In 2007, Formulate conducted research that aimed to find out whether zebra striping — the shading of alternate rows in a table or form — aided readability. As described in the resulting article, published on A List Apart, the research was unable to find a significant, measurable improvement from the use of zebra striping.
However, the first study also seemed to ask more questions than it answered. As such, Formulate set out to conduct two further studies. After all, we wanted to provide the means by which debates about zebra striping could be resolved!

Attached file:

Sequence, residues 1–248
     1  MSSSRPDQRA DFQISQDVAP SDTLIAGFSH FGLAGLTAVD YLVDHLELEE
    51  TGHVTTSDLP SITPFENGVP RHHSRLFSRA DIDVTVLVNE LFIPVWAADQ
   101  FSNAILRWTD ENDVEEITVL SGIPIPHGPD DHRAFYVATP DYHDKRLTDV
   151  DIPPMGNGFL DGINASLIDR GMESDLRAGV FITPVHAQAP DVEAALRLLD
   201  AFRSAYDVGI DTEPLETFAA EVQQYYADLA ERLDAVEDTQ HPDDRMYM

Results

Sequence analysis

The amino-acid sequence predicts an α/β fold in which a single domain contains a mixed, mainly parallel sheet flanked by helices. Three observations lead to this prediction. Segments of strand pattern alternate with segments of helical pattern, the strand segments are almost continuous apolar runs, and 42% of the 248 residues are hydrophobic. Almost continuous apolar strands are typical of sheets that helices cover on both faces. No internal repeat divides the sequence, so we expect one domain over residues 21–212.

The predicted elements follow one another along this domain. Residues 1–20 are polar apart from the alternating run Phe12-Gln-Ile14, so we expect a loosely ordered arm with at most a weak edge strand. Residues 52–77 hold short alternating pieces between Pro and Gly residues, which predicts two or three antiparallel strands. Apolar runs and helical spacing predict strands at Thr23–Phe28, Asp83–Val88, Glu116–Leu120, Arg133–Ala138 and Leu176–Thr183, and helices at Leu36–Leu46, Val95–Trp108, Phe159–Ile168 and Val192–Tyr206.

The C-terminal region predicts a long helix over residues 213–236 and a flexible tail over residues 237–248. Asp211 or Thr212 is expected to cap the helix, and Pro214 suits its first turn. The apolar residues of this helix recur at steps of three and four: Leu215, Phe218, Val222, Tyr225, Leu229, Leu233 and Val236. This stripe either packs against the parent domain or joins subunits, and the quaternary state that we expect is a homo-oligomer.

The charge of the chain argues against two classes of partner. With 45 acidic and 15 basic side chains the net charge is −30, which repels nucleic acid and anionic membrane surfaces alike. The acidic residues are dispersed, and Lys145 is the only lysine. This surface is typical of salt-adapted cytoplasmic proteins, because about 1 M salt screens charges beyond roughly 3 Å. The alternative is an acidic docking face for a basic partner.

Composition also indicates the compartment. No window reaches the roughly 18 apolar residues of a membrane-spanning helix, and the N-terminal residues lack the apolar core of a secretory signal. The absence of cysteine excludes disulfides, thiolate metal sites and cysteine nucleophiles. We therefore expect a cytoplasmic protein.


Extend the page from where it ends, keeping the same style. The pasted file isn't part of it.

The results from these two further studies have now been published. As always, I encourage you to read the full article, but we will say that it found:
- some evidence for improvement in task performance when zebra striping is used; and
- a definite preference for zebra striping amongst members of the general public.
We’d also like to take a moment to thank everyone who has helped Formulate with this zebra striping research, especially Jeremy Kerr, Steve Baty, Joseph Ortenzi, Adrienne Gross and Emma Rowland nee Sissons (of Ipsos fame). A lot of work has gone into getting this far, and we couldn’t have done it without the assistance received from these generous and talented people.